Standard of Ur

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Image:Standard of ur1.jpg
The Standard of Ur ("Peace" panel")

The Standard of Ur (also known as the "Battle Standard of Ur," or the "Royal Standard of Ur") is a Sumerian artifact excavated from what had been the Royal Cemetery in the ancient city of Ur (located in modern-day Iraq south of Baghdad). The Standard of Ur dates from around 2600 BC, and was excavated by British archaeologist Leonard Woolley in the 1920s.

It is essentially a hollow wooden box measuring 8.5 inches high and 19.5 inch long, inlaid with a mosaic of shell, red limestone and lapis lazuli. It is currently in a reconstructed state, as the effects of time over the last several millennia had decayed the wooden frame and bitumen glue which had cemented the mosaic in place. Its original function is not conclusively understood. Leonard Wooley suggested that it had been carried on a pole, borne as a standard. It has also been speculated that it was the soundbox of a musical instrument.

Image:Sumerian lyre.jpg
Lyre similar to that depicted in "Peace."
The Standard of Ur has two main panels, which have been named "War" and "Peace." "War" is one of the earliest representations of a Sumerian army, engaged in what is believed to be a border skirmish and its aftermath. Battle scenes include four-wheeled chariots, drawn by teams of some sort of equine (possibly onagers) trampling enemies (although these solid-wheeled early chariots must have been rather unwieldy in battle, and it is likely that they were used primarily for transport and defense); spearmen clad in armored cloaks; and other infantrymen bearing sickle-like knives or axes. Panels also depict prisoners, wounded, naked, and humiliated, being presented to the king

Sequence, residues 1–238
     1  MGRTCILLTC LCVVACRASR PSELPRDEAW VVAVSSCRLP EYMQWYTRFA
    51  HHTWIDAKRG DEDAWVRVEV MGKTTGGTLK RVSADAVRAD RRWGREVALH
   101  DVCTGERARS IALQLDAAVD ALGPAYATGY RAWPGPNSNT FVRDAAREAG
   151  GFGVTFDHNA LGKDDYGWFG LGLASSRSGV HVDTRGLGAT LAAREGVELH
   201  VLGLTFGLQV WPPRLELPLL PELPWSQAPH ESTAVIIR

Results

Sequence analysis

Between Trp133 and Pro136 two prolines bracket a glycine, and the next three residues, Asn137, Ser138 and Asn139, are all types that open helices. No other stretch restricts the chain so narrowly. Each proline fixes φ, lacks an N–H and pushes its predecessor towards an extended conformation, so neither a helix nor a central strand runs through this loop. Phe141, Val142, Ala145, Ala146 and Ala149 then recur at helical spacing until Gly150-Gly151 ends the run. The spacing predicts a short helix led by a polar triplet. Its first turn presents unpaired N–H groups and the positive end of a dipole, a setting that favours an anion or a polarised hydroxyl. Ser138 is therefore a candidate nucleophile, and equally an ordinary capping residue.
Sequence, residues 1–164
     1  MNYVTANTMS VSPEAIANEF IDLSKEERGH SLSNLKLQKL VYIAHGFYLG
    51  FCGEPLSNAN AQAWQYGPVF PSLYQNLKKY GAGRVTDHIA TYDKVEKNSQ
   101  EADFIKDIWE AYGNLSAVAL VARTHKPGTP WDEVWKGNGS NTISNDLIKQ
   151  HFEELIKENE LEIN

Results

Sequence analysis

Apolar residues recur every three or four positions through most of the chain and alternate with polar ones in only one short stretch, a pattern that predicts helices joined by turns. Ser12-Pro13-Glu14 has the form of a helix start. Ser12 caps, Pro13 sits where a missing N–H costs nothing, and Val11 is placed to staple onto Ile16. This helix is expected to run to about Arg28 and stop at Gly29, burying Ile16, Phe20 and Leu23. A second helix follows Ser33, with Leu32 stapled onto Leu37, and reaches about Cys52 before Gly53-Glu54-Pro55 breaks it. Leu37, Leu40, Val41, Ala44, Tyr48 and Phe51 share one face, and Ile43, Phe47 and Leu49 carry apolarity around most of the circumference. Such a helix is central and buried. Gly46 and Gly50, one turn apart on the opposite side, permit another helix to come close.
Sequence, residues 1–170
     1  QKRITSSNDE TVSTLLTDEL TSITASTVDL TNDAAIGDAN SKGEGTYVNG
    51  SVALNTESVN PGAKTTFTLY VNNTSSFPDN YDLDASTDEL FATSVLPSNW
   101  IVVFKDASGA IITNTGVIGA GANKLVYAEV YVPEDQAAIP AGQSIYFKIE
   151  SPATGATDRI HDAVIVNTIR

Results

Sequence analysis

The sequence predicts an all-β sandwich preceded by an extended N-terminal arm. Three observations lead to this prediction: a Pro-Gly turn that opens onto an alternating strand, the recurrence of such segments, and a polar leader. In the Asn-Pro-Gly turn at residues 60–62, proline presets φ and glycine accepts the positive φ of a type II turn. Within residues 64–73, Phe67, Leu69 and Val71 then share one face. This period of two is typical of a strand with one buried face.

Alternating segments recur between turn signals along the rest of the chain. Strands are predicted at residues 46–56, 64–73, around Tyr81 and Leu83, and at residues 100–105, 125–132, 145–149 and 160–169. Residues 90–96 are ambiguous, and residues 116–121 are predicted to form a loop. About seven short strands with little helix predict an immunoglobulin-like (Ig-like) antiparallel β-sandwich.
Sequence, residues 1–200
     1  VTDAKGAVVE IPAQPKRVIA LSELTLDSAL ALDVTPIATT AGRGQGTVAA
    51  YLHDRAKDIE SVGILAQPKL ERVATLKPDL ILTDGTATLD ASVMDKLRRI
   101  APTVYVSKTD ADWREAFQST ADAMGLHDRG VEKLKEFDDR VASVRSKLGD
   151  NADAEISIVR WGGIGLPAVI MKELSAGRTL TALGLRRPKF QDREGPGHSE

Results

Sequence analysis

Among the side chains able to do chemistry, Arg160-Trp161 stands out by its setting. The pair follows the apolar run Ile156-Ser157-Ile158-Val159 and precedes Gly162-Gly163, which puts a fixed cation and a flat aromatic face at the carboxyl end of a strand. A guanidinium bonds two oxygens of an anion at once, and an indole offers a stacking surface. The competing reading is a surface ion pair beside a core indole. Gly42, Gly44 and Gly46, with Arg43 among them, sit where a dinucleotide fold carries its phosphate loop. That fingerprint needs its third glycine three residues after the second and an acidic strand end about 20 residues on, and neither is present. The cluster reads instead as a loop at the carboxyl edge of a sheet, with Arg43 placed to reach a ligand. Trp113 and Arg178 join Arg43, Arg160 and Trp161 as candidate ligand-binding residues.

Image:Ur lyre.jpg
"Peace," detail showing lyrist.
"Peace" portrays a banquet scene. Attendants parade animals, fish, and other goods (possibly war booty) before seated figures, while a lyrist entertains the throng.

The Standard of Ur is currently housed in London's British Museum.

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Standard of Ur

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